I will shortly be moving into my first rented accommodation (finally flying the nest!), and a colleague has offered me their washing machine and fridge/freezer as they are remodelling their kitchen. How nice of them, I know!

I will be having to hire a van to go and pick them up, and I can imagine transporting them with a little lifting help will be simple enough. Just lift and push!

However... I am worried about potential water hazards and the lack of "transporting bolts".

I had the idea of wrapping both in cling film (clear plastic wrap) but I am not sure if this is the best idea.

Could somebody give me a best solution for this?

  • 1
    Hi physicsboy, Welcome to Lifehacks.SE. We hope you enjoy sharing knowledge and experience. Rent a big enough hand truck to move the appliances when you rent the van - to be kind to the appliances, the premises, and your backs.
    – Stan
    Commented Jun 27, 2019 at 13:15
  • Does this question really make sense for LifeHacks.SE? Wouldn't this be more on-topic at diy.stackexchange.com ?
    – chicks
    Commented Jul 3, 2019 at 18:37

1 Answer 1


I don't think that you would need to wrap in cling film. If it is a hot day and you start to sweat this could become a nightmare. All of my experience (moving 5-6 fridges/ washing machines in my life) we have always moved it as is but used blankets to cover it once in the van.

Tip 1) the fridge/ washing machine needs to be turned off for at least 24 hours before moving

Tip 2) When transporting the fridge keep the bottom at the bottom (silly I know, but common sense isn't that common!) and tilt it as little as possible

Tip 3) If you are moving mostly on flat surfaces (without many stairs), consider using a skate of some sort to rest the fridge on so a) you don't have to do the heavy lifting and b) the fridge stays upright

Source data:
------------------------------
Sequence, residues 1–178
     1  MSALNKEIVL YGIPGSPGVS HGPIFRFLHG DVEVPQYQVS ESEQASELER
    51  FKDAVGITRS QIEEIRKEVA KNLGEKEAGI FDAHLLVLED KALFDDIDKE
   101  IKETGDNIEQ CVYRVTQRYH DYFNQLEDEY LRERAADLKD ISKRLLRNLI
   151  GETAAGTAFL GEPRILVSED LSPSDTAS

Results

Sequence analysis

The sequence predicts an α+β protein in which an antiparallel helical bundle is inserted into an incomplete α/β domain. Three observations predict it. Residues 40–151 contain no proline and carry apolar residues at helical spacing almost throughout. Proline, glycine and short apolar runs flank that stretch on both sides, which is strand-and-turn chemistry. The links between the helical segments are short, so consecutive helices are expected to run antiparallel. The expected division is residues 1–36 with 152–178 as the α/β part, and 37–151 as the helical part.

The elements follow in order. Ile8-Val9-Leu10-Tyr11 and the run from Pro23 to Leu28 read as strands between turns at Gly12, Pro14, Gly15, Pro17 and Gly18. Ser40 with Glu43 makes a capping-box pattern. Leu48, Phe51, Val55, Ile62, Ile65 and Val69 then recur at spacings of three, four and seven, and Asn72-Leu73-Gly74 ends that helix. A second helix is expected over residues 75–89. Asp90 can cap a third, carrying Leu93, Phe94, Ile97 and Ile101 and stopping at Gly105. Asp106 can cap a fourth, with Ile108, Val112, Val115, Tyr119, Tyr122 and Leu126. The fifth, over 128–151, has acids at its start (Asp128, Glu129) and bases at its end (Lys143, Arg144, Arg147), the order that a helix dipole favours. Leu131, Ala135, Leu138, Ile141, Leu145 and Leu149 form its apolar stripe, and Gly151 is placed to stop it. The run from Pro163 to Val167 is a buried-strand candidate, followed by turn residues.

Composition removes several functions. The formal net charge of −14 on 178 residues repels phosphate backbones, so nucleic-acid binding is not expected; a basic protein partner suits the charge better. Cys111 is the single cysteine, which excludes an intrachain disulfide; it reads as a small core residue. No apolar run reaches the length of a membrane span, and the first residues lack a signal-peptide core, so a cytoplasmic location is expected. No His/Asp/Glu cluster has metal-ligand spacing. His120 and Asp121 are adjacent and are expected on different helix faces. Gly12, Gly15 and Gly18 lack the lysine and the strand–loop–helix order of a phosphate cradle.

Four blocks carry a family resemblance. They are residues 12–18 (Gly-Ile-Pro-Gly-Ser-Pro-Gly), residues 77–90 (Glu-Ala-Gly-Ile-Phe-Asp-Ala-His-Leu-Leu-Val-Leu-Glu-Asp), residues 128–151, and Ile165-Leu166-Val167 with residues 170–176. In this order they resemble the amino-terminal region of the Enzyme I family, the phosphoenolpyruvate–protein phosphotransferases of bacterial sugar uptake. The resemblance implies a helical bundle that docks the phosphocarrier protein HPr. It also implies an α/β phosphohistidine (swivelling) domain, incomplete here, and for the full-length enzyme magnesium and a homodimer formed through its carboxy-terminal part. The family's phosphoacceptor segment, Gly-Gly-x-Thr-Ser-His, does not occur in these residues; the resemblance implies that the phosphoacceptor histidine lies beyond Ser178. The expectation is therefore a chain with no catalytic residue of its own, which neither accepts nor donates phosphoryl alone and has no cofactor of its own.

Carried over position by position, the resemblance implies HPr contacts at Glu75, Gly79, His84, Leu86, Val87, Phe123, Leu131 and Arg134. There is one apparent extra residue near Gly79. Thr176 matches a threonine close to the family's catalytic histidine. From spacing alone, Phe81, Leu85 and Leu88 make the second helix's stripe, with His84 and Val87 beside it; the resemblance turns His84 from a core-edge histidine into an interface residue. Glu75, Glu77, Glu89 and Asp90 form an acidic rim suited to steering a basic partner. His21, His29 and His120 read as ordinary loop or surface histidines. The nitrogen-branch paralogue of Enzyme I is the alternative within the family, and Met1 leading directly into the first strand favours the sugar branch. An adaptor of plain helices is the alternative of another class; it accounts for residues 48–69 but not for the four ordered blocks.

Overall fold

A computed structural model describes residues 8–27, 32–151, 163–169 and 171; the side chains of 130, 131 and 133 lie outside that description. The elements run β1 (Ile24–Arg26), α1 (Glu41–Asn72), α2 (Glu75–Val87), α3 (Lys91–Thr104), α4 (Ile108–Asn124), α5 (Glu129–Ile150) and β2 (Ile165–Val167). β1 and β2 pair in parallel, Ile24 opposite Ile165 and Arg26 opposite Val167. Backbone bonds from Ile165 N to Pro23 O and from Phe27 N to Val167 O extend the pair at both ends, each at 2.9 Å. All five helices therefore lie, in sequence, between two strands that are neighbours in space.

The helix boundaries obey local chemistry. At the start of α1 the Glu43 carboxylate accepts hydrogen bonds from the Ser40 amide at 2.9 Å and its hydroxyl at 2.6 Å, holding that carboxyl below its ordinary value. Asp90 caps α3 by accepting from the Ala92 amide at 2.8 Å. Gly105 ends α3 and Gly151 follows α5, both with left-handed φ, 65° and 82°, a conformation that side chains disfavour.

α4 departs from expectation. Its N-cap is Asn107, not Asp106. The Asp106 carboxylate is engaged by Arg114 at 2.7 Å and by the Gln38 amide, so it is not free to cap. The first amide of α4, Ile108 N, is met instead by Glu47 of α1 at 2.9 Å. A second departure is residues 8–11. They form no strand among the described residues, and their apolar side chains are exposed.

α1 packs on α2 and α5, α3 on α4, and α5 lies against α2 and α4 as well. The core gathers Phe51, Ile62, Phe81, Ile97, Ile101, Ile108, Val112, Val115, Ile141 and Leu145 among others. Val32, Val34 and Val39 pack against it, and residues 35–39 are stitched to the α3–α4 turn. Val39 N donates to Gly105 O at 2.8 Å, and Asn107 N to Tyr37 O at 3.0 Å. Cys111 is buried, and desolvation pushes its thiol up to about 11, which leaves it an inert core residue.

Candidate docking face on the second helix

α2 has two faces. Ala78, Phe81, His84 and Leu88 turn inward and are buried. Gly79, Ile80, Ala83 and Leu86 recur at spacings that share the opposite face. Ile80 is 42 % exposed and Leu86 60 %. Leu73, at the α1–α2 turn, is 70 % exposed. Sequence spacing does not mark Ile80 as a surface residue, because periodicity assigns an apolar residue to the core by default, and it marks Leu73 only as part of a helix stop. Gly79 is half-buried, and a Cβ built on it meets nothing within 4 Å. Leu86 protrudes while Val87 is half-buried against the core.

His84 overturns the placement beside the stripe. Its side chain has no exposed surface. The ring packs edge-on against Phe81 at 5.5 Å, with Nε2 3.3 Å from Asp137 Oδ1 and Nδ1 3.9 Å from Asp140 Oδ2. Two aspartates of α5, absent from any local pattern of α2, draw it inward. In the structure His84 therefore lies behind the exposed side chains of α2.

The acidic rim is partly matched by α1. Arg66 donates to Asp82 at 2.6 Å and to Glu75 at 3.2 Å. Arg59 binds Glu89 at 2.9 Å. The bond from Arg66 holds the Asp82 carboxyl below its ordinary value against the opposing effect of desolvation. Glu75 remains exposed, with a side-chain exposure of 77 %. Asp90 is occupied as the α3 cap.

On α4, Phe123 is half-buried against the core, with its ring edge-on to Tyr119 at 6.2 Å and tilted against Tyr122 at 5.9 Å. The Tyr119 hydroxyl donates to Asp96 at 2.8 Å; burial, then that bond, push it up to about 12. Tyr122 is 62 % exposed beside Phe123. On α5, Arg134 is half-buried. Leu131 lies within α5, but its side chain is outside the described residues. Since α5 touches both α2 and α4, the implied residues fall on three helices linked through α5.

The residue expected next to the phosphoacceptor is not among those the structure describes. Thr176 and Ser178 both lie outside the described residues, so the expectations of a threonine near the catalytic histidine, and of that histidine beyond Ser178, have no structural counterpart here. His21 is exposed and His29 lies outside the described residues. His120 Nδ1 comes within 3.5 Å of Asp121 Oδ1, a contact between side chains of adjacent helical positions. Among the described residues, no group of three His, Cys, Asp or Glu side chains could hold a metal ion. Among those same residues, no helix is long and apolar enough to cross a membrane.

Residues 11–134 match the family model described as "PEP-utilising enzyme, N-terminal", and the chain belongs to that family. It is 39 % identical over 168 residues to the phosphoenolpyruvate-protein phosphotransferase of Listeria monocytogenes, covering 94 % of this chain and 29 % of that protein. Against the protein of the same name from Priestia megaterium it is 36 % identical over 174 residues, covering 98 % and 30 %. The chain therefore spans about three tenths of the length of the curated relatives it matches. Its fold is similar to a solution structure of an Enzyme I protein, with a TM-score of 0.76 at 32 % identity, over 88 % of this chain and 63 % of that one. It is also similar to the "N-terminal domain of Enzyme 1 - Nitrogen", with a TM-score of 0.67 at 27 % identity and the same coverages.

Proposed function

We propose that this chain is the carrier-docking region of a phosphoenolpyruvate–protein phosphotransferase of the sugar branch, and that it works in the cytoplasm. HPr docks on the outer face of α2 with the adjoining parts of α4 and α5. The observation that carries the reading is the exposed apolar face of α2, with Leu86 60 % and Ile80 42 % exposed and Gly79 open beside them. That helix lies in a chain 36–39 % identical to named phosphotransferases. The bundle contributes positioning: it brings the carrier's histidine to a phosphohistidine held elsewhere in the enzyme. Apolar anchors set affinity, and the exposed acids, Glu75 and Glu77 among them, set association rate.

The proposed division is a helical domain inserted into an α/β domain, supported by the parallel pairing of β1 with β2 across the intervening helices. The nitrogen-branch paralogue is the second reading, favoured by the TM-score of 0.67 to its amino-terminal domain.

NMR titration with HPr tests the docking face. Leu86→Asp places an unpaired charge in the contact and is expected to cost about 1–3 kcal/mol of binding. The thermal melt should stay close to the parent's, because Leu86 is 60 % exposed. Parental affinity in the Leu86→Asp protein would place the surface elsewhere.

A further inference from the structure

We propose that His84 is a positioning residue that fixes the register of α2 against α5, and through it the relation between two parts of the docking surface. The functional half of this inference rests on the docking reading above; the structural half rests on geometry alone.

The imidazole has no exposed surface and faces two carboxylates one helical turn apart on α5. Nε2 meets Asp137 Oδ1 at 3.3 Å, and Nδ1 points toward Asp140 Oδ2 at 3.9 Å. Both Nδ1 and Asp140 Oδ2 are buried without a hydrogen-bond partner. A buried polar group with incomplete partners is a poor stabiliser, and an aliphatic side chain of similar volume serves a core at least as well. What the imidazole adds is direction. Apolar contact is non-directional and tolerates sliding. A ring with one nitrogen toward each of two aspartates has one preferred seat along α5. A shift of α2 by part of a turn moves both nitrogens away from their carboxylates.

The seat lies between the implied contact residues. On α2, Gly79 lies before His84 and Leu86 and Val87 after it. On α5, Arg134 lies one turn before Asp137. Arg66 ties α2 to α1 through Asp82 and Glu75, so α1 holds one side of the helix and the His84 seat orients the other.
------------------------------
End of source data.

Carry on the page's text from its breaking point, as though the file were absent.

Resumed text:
Tip 3) Wear a pair of gloves that offer some good grip. I recently moved a SMEG fridge into our new place and ended up with cut hands from the bottom of the fridge.

Tip 4) Leave both off for 24 hours once you've got them in place

Tip 5) Be gentle!

Hope these help in any way and happy moving!

  • 1
    I am not sure your tip 1 "turned off for at least 24 hours before moving" is required. Change to Tip 4) Leave both unplugged for 24 hours once you've got them in place and you should be good. Otherwise looks good. This reference says they only need to stay unplugged for 24 hours if they were on their side. I know that when I bought a new fridge, the delivery guys plugged it in right away. Commented Jun 27, 2019 at 12:44
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    @JamesJenkins the turning off before is to ensure that all gas settles at the lower extremes, as you wouldn't want to be moving with anything still circulating. Likewise with leaving it off once moved, allowing the gas to settle before turning on. Not requirements, just passing advice, is all :)
    – Dean
    Commented Jun 27, 2019 at 12:57
  • Good point, when I buy a new fridge it has not been plugged in recently (it is new in the box) and it is transported upright by trained staff. Commented Jun 27, 2019 at 12:59
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    @physicsboy I was a professional mover for a few years. The washing machine is a leak risk, before loading it into the truck, disconnect the drain hose from the washing machine, and take it to a lawn or somewhere it is okay to get wet, and tilt it back to encourage drainage. When you store it, re-attach the drain hose, to the back of the washer, and zip tie it in a vertical position, and then nothing should leak while it is in storage. The fridge/freezer would only leak if there was frost build up that melted, which is not very common.
    – Paul Davis
    Commented Jun 27, 2019 at 15:43
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    Don't be concerned about it; youre going to be careful, the shippers who move washing machines for the manufacturer probably throw them off stacks of washers 4-high. If you've ever seen how much a drum bucks and rocks around when you throw a wet towel in it you wont worry about trundling a washer down a bumpy road
    – Caius Jard
    Commented Jun 30, 2019 at 5:09

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